Now Reading
Sudden and Unexpected Death of Pilot No Reason Not to Pay Compensation, Top European Court Rules

Sudden and Unexpected Death of Pilot No Reason Not to Pay Compensation, Top European Court Rules

The European Court of Justice on Thursday ruled that the sudden and unexpected death of an airline co-pilot was no excuse for Portuguese flag-carrier TAP Air Portugal to get out of paying passengers compensation for the subsequent delay to their flight.

The case was brought by a claims company which goes after airlines on behalf of passengers who have suffered a delay or cancellation after a TAP Airport Portugal flight from Stuttgart to Lisbon was delayed by nearly 13 hours when the co-pilot was found dead in his hotel room.

Under long-established European rules, consumers are entitled to compensation in the event of a significant delay, but airlines can get out of paying if they can prove the disruption was caused by an “extraordinary circumstance”.

In this incident, some of the passengers sought to obtain €400 each in compensation from TAP Air Portugal under the so-called ‘EC261’ regulations. The airline, however, denied the compensation claim, arguing that the sudden death of the pilot was an extraordinary circumstance.

The 17th July 2019 flight was scheduled to depart Stuttgart at 6:05 am, but the co-pilot had been found dead in his hotel room less than two hours before departure. The entire crew declared themselves unfit to operate the flight because they were so shocked by what had happened.

TAP Air Portugal had to find an entirely new set of crew to operate the flight, and it wasn’t until 11:25 am that a rescue crew departed Lisbon. The flight arrived in Stuttgart at 3:20 pm and then didn’t depart for Lisbon until 4:40 pm.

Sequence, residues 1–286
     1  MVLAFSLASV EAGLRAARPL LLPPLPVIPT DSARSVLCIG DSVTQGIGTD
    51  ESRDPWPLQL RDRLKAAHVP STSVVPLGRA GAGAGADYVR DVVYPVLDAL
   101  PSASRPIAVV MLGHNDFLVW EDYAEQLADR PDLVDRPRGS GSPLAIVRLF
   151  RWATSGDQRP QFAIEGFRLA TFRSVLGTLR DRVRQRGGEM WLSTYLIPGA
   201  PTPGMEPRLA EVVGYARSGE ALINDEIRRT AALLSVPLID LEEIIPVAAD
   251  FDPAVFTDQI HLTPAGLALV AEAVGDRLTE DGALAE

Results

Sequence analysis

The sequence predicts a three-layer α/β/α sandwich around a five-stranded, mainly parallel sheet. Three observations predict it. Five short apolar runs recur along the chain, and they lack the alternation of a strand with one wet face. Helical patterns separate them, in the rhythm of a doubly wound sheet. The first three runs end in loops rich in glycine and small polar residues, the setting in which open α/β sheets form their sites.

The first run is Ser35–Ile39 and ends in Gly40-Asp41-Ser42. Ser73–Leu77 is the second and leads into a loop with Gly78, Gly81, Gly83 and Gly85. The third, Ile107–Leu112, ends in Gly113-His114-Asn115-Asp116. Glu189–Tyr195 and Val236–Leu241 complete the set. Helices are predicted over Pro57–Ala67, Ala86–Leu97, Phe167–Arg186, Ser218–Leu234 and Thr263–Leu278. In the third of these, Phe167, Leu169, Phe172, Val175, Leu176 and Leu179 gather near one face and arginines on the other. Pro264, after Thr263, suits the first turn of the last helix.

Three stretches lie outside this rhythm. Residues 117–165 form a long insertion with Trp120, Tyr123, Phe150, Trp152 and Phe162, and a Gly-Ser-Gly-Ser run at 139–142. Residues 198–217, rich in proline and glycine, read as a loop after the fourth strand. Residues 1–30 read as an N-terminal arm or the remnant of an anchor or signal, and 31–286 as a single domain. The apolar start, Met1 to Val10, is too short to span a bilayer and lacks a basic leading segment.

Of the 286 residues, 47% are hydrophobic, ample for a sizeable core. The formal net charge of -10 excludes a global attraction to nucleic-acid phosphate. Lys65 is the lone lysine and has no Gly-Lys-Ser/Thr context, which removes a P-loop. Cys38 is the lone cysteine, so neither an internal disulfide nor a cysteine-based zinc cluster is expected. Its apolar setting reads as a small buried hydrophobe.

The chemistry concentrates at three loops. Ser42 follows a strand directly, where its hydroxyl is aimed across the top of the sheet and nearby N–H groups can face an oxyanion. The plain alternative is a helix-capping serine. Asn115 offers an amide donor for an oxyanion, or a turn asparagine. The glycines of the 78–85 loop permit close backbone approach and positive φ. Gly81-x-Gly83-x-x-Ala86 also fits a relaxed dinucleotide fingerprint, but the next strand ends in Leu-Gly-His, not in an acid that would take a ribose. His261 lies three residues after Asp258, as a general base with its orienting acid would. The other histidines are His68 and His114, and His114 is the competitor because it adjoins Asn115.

The claims company took the case against TAP Air Portugal to the Stuttgart Regional Court which referred the matter to Europe’s top court in a bid to establish whether the unexpected death of a crew member could be deemed an ‘extraordinary circumstance’.

Over the years, the definition of ‘extraordinary circumstance’ has been tested in the courts, and it is generally accepted that a delay or cancellation caused by a crew member suddenly falling ill is part and parcel of operating an airline and, therefore, not an extraordinary circumstance.

In its ruling, the European Court of Justice concluded that the sudden death of a crew member was no different.

“Such an absence is inherent in the normal exercise of the operating air carrier’s activity and therefore does not fall within the concept of ‘extraordinary circumstances’. It follows that the air carrier is not exempted from its obligation to compensate passengers,” the court ruled.

“The Court points out that, however tragic and final it may be, the situation of an unexpected death is no different, from a legal point of view, from that in which a flight cannot be operated when such a member of staff has unexpectedly fallen ill shortly before the departure of the flight,” the ruling continued.

Despite the fact that pilots undergo regular medical assessments, the court also dismissed this as grounds for appeal, ruling that a pilot could expectedly fall ill or die even if they’ve been given a clean bill of health in a recent medical assessment.

View Comments (0)

Leave a Reply

Your email address will not be published.

This site uses Akismet to reduce spam. Learn how your comment data is processed.

© 2023 All Rights Reserved.

Unauthorized use and/or duplication of this material without express and written permission from this site’s author and/or owner is strictly prohibited. Excerpts and links may be used, provided that full and clear credit is given to with appropriate and specific directions to the original content.